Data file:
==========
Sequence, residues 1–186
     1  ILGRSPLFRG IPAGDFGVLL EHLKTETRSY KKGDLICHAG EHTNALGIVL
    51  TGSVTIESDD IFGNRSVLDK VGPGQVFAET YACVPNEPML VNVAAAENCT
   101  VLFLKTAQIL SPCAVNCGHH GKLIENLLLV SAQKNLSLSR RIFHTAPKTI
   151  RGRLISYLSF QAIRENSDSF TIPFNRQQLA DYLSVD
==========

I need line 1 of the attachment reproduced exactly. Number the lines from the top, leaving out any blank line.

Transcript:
Sequence, residues 1–186